NO! AES is rated to withstand cryptanalysis so long as it remains a black box to the attacker (IE:round keys are unknown variables). Up until the SHA3 competition no one had done cryptanalysis on AES with known internal state. This is the relevant paper, specifically section 3.5 which solves the exact problem you are proposing. Given AES with a fixed key
K acting as a pseudorandom permutation, find a solution to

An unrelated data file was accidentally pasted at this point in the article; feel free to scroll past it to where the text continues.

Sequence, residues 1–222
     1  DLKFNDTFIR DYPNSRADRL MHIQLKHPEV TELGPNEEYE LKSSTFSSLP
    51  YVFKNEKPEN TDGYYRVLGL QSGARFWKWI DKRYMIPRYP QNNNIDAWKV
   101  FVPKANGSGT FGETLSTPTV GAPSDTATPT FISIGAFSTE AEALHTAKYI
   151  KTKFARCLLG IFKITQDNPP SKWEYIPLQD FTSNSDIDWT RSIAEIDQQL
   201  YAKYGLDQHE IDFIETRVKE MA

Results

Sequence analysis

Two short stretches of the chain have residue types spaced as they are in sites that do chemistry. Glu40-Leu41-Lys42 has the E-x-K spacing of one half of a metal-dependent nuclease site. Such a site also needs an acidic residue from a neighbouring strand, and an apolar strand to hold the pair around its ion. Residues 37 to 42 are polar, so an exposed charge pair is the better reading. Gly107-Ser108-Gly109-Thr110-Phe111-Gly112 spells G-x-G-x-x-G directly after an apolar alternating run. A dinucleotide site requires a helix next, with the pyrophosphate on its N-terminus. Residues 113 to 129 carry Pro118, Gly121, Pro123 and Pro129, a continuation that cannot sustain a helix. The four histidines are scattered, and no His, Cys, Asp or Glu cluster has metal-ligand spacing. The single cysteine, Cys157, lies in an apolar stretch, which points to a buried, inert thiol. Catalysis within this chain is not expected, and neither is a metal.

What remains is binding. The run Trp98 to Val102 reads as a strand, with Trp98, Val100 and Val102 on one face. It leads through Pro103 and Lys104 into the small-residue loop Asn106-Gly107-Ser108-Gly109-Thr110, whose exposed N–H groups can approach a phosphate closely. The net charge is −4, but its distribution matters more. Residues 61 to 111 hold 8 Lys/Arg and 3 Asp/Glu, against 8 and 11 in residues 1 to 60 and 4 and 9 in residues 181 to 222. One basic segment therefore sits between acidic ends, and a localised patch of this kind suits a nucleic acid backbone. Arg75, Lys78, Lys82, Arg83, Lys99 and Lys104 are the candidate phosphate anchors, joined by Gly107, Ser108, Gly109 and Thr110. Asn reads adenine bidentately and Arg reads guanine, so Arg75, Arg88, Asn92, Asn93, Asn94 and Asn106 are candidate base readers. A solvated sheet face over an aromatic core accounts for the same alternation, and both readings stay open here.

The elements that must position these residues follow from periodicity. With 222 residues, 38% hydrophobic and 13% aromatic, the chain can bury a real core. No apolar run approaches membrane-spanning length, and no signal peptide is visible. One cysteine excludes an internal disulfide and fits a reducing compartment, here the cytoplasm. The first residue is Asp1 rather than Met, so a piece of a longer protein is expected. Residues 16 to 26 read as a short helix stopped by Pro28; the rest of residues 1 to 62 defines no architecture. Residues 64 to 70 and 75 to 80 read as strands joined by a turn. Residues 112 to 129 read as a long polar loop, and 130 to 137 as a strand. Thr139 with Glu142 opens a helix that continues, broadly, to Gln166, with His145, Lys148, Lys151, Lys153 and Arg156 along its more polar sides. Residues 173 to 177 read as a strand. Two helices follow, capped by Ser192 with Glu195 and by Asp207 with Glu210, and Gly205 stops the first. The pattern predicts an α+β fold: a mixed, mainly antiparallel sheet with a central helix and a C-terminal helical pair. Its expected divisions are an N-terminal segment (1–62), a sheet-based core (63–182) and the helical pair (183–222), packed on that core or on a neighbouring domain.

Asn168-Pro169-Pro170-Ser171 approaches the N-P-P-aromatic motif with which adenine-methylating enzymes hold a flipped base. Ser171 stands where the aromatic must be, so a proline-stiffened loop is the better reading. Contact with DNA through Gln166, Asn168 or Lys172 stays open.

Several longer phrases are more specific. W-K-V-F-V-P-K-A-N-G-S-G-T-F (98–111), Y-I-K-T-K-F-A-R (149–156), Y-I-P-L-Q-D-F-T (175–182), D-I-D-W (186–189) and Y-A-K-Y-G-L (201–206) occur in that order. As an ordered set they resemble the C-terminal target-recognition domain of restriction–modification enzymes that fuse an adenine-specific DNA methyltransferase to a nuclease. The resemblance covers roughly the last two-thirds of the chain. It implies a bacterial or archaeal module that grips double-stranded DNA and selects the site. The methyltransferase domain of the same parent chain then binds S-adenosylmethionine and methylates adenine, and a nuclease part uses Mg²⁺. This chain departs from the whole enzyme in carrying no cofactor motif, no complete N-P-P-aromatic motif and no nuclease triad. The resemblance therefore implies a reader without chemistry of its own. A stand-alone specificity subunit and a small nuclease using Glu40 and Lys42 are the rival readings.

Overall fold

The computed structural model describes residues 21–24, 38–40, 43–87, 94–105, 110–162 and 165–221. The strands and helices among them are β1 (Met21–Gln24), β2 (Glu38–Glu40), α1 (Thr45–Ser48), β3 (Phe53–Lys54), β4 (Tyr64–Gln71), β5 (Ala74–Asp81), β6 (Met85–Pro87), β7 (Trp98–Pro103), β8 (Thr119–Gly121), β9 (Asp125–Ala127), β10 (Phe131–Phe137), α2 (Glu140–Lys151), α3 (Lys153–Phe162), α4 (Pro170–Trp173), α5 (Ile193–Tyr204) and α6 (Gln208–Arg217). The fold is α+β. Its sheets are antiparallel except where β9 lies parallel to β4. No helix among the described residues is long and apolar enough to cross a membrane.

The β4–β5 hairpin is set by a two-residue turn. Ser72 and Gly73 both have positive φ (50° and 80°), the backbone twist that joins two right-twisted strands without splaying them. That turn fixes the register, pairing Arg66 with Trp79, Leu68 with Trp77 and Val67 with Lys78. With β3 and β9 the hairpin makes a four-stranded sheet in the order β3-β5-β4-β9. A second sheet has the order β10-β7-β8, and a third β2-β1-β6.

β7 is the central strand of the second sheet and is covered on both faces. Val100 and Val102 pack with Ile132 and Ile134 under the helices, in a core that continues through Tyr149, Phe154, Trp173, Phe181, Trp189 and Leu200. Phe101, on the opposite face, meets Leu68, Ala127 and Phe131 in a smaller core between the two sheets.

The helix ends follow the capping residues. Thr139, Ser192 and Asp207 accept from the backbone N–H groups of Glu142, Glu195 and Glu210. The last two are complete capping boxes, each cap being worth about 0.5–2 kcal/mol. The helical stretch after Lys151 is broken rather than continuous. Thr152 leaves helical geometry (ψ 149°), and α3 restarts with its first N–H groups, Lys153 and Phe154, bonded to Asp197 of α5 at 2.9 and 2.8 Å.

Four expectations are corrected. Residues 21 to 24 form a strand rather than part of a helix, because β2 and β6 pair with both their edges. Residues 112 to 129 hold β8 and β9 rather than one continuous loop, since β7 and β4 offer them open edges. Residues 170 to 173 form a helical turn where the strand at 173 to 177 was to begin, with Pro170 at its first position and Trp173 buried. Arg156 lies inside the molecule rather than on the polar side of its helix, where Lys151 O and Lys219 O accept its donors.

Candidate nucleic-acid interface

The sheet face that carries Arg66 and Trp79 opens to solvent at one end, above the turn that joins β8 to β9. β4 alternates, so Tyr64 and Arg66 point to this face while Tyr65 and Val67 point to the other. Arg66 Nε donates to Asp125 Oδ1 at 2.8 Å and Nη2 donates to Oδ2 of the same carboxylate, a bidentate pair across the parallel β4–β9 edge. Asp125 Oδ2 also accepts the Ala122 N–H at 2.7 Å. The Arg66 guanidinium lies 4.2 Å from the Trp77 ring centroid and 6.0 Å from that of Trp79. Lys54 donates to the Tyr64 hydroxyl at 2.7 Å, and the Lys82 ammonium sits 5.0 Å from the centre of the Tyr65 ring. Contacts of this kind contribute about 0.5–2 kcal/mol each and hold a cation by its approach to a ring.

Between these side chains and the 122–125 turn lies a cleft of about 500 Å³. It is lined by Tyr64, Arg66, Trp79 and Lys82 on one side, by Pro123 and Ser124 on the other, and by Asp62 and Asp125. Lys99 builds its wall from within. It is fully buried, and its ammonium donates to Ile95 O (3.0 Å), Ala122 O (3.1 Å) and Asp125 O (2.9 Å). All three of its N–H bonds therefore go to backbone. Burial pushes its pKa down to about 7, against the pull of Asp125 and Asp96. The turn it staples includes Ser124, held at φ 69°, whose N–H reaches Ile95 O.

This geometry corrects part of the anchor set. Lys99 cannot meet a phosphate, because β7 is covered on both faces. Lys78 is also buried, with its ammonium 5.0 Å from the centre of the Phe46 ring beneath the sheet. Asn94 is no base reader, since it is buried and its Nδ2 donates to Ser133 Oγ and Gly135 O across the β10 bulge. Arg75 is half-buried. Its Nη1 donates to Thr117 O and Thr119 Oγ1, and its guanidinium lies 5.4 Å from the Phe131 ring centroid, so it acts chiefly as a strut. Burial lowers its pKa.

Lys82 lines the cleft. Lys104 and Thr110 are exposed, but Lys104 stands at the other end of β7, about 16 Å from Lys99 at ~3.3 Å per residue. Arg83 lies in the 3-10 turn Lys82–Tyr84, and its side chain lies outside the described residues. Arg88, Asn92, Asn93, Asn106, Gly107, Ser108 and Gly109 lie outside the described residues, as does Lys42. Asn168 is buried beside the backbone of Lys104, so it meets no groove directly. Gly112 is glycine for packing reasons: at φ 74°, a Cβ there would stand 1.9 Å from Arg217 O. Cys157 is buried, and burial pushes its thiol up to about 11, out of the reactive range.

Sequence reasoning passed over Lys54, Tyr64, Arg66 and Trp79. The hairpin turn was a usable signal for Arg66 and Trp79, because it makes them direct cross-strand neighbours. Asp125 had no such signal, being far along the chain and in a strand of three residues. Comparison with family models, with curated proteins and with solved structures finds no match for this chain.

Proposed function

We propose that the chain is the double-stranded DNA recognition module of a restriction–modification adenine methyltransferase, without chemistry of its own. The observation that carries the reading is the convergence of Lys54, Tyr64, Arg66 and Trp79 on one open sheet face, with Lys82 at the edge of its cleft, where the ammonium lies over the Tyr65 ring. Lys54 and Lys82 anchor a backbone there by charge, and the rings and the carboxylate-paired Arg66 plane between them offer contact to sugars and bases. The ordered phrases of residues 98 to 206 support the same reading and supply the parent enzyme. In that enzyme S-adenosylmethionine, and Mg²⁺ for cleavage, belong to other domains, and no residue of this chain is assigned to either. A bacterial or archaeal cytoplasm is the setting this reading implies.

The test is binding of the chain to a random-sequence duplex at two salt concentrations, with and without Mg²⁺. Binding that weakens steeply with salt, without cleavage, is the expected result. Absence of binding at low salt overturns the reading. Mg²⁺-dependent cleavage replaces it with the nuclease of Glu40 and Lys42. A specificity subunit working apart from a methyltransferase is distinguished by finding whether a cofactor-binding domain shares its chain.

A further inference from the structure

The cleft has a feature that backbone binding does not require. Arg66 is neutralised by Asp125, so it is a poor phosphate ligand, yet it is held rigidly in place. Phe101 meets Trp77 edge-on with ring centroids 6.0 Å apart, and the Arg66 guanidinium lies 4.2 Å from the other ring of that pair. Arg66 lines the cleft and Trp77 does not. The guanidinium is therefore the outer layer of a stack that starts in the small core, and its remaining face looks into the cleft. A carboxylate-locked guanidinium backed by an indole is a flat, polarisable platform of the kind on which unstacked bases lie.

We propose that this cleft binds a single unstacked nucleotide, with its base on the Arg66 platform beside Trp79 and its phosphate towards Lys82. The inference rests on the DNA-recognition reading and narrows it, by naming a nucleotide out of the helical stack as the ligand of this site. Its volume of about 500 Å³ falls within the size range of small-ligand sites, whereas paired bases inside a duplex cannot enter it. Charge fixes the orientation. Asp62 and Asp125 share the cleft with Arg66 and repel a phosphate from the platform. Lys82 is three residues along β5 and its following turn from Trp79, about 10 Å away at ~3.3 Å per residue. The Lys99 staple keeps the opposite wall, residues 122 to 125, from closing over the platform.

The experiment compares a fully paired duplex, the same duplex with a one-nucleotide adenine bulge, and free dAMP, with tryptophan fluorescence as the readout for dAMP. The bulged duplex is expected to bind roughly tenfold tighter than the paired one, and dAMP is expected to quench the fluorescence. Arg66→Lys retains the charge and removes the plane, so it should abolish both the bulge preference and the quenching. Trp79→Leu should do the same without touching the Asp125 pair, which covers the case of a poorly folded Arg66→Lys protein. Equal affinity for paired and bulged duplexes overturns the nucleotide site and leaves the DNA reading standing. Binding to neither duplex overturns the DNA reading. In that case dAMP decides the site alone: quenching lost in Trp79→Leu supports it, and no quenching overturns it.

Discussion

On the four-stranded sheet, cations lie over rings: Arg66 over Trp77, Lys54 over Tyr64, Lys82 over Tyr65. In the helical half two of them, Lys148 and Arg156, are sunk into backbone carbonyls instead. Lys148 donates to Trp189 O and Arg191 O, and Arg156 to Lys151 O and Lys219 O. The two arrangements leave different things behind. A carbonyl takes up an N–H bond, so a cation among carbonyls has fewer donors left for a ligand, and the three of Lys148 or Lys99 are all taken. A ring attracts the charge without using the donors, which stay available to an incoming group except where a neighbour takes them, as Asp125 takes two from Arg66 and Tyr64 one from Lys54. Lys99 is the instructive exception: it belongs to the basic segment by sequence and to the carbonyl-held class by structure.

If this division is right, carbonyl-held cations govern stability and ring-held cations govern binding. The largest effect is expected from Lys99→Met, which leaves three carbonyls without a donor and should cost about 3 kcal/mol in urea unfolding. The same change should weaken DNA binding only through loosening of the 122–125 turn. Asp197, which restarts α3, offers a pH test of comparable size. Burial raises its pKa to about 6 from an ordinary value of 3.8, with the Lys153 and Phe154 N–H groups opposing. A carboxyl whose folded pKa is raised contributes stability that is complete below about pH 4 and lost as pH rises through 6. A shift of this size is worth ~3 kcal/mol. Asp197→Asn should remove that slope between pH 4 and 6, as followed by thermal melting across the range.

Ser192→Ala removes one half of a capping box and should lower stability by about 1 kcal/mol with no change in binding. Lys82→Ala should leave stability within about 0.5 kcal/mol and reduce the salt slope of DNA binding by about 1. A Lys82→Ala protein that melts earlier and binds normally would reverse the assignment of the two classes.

C=AESenc(P,K) with restrictions on
There are also attacks on AES when used as a typical hash compression function (IE:
state[i]=AES(state[i-1],K=data[i]). These allow for collisions and generally for breaking the pseudorandom permutation property of AES to find specific solutions for equations involving it.
There are probably some problems that remain hard, like reversing a one way function composed from AES (IE:
Y=F(X) , Find
Y). Even here I'd be nervous but much less so. This is the ideal case. No degrees of freedom for the attacker to work with.
When you see "secure pseudorandom permutation" thrown around in the context of AES remember the fine print attached to all that analysis: "for unknown